At the same time, during the hours of darkness or low light conditions, the four laser line generators 108 project structured light illumination to the front focus area 404. The reflected laser light is picked up by the line scan cameras 116. During the hours of daylight, the laser line generators 108 and xenon lights 110 can be disengaged, and the line scan cameras 116 and snap-shot camera 114 operate using ambient light. Therefore, the line scan cameras 116 examine the same monitored area 404 as the Ladars 106. With two types of detectors focusing on the same scan area, a higher discrimination and improved foreign object identification accuracy can be achieved.
As explained above, the image data obtained by each detector (106, 116, 120) is sent to the computer 714, with the GPS device 121 connected to determine the coordinates of the vehicle 102 and any FOD at any point in time during a sweeping operation. With this arrangement, the detection system 100 can detect an object of 50 mm in diameter when travelling at 30 km/h.
As the vehicle 102 moves, scanned images from the line scan cameras 116 and Ladars 106 are stored into a recorder 728 of the computer 714. The scanned images can be further processed by the computer 714 using the sensors fusion module 718, wherein multiple images received from each individual image detector (106 a, 106 b, 116 a, 116 b) are merged into a single image. The location of the detected FOD is presented on the display 724 by Cartesian coordinates that indicate the position of the FOD on the runway 406 with respect to the vehicle 102. In other embodiments, the location of the FOD is presented by polar coordinates and the display format may be different to suit various users' requirements. In still other embodiments, the location of the FOD can be marked using the GPS system.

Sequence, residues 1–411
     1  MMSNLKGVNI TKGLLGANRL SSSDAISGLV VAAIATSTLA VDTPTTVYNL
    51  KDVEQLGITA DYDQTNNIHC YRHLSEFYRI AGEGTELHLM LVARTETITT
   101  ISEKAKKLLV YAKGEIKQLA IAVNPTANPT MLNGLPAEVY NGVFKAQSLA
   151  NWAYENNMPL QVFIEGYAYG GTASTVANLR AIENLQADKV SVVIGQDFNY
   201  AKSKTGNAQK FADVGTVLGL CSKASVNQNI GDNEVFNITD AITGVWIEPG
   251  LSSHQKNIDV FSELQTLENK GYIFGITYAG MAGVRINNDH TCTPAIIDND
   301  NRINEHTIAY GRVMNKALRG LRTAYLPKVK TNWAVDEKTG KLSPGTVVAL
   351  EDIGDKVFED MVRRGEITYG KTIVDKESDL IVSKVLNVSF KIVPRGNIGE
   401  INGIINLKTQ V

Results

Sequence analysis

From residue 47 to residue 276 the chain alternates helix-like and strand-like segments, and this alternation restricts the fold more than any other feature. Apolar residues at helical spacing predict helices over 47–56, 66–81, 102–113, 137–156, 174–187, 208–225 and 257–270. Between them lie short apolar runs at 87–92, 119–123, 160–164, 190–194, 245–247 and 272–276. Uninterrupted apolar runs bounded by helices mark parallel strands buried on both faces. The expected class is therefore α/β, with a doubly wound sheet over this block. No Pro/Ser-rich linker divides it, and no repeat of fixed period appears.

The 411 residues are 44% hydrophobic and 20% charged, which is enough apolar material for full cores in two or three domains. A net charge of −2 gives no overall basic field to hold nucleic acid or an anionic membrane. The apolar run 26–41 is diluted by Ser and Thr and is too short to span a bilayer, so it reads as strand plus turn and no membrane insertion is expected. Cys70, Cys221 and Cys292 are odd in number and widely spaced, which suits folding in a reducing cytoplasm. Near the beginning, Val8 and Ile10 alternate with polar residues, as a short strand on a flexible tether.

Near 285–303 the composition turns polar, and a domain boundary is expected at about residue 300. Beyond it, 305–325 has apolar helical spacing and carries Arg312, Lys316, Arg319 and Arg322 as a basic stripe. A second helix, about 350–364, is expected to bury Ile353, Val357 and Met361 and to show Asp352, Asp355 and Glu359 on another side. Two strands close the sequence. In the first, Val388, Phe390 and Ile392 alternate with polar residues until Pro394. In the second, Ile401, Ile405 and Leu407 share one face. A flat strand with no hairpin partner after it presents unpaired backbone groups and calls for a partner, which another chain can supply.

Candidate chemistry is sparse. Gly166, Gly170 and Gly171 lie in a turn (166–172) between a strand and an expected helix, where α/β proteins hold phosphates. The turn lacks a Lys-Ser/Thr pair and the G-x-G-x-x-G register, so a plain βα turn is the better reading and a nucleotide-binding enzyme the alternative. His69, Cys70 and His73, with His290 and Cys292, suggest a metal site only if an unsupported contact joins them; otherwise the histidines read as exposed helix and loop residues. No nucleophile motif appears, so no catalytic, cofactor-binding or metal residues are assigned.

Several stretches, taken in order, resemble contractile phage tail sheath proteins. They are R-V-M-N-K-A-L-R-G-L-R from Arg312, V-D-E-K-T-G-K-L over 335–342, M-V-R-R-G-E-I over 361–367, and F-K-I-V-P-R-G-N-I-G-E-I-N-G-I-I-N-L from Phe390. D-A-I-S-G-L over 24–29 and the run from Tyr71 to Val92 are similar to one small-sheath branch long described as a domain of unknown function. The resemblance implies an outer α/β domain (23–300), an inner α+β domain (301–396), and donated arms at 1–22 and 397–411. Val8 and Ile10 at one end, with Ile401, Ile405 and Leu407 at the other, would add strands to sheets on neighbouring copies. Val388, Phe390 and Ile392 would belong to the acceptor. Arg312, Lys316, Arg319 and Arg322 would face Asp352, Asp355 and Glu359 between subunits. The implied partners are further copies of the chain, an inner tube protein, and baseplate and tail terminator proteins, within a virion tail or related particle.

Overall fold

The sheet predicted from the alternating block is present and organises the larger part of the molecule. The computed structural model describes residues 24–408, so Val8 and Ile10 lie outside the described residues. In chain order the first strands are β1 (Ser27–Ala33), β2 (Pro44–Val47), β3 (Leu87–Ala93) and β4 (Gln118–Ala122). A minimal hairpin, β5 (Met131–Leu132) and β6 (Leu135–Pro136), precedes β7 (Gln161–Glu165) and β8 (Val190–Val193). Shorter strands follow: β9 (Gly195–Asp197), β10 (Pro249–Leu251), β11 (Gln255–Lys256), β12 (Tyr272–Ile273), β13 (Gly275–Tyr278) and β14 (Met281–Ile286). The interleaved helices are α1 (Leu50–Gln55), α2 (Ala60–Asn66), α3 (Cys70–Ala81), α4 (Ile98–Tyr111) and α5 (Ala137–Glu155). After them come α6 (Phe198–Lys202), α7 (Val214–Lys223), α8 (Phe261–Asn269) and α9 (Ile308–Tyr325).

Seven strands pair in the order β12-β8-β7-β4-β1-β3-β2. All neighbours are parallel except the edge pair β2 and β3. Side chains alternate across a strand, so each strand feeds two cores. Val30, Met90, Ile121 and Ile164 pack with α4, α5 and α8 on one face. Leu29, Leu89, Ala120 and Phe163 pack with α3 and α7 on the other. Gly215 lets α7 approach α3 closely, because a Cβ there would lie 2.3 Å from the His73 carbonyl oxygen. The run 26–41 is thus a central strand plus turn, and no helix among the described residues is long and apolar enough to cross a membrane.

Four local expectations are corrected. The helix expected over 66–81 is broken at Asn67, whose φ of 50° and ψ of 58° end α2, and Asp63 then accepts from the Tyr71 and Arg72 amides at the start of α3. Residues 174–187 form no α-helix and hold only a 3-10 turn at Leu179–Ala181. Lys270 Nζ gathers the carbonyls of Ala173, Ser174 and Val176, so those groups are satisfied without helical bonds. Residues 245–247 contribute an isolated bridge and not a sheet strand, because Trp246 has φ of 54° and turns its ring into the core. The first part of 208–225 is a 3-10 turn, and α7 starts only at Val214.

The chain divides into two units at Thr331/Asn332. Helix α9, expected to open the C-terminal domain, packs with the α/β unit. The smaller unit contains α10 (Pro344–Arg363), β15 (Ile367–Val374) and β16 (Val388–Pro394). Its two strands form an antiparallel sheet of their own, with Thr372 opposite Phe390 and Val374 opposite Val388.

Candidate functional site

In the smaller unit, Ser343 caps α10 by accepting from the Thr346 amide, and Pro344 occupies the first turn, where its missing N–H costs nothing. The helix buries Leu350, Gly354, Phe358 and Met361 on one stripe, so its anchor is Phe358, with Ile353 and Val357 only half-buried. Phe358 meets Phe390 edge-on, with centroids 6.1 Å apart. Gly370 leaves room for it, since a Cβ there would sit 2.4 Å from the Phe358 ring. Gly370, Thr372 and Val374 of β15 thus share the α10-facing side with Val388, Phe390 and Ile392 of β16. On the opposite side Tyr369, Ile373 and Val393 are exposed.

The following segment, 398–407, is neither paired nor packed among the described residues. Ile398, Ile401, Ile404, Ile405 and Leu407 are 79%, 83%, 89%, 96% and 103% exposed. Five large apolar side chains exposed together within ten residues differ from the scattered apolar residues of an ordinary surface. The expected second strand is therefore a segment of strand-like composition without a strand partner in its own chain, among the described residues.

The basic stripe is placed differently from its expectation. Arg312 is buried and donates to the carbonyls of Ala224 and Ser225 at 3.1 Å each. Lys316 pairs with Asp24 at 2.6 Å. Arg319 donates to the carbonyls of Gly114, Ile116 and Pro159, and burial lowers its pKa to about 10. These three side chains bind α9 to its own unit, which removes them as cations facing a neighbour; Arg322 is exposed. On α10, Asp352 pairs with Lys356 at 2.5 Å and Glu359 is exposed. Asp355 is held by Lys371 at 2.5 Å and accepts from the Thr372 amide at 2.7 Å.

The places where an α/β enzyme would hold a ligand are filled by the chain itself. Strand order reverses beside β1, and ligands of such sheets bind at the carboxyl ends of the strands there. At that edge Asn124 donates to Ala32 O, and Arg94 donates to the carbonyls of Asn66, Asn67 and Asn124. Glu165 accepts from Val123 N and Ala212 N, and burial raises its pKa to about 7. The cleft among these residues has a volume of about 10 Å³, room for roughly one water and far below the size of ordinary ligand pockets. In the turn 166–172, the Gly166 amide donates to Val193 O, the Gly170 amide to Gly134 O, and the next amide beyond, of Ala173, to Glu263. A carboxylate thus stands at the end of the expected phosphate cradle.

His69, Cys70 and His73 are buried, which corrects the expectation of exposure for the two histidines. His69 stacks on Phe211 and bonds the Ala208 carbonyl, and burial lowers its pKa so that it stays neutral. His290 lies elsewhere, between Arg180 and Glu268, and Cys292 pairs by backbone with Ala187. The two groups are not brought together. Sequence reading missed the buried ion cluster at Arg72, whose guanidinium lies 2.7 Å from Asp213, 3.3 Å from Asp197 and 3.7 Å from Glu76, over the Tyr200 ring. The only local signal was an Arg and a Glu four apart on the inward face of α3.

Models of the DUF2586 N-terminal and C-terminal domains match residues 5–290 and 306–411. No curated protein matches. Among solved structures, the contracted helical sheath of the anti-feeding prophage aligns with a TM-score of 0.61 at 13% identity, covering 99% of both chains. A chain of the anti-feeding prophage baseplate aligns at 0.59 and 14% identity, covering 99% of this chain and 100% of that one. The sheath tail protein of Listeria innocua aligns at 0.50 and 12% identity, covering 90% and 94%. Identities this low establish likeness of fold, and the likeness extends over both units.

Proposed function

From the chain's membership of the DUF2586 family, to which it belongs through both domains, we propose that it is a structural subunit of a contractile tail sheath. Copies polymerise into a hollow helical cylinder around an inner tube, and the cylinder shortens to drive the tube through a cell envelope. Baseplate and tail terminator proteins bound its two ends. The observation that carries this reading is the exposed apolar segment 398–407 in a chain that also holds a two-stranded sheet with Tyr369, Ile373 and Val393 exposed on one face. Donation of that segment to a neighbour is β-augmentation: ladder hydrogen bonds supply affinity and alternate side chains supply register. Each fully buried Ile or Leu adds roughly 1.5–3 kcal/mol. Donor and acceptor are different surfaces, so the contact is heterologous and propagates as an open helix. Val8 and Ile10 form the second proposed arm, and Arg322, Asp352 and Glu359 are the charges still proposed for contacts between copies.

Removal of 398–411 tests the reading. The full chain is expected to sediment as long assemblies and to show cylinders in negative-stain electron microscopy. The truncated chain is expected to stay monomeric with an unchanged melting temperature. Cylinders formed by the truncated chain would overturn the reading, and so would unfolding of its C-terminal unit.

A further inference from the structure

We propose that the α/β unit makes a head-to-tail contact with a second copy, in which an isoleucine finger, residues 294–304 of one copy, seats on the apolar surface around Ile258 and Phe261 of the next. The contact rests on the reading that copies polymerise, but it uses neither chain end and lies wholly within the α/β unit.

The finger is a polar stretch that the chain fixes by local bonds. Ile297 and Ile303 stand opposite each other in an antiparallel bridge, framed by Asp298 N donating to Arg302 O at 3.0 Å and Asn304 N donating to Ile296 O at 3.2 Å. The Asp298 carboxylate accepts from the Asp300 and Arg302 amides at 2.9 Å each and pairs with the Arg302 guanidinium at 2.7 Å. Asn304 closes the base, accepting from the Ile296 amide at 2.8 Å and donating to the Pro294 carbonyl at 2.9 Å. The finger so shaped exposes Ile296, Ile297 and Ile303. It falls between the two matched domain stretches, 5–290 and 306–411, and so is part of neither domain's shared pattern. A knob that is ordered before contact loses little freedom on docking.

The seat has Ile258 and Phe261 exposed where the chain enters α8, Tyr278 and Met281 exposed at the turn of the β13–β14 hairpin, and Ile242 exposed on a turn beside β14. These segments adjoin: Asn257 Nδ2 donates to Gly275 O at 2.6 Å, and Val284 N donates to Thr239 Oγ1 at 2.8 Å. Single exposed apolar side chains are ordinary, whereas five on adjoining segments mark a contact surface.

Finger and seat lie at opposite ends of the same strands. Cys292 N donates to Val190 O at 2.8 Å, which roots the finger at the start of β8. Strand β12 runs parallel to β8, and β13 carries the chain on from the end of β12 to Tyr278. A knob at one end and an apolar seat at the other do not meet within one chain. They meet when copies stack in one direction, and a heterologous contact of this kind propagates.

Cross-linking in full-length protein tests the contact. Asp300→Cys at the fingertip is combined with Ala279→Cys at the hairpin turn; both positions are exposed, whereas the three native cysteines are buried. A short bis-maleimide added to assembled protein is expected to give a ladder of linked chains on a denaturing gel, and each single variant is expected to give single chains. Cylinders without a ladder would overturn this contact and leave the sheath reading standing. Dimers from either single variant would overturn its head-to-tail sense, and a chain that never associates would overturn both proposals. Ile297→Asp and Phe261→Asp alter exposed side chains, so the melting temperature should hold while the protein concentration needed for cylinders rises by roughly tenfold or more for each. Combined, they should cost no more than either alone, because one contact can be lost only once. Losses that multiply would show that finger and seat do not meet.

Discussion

Having two Ladars (106 a, 106 b) for scanning the same area improves detection accuracy. In this embodiment, the field of view for each Ladar (106 a, 106 b) is an arc of thirty-eight degrees, which is equivalent to approximately twelve metres in width 506 at a distance up to twenty metres away from the sweeper vehicle 102. At this distance and angle, the ladars 106 operated by the computer 714 can detect an object as small as 50 mm in diameter. In one embodiment, the Ladar used is a SICK Ladar Model LMS 291. It is understood that other types of Ladars, with different operating characteristics and fields of view, could also be used.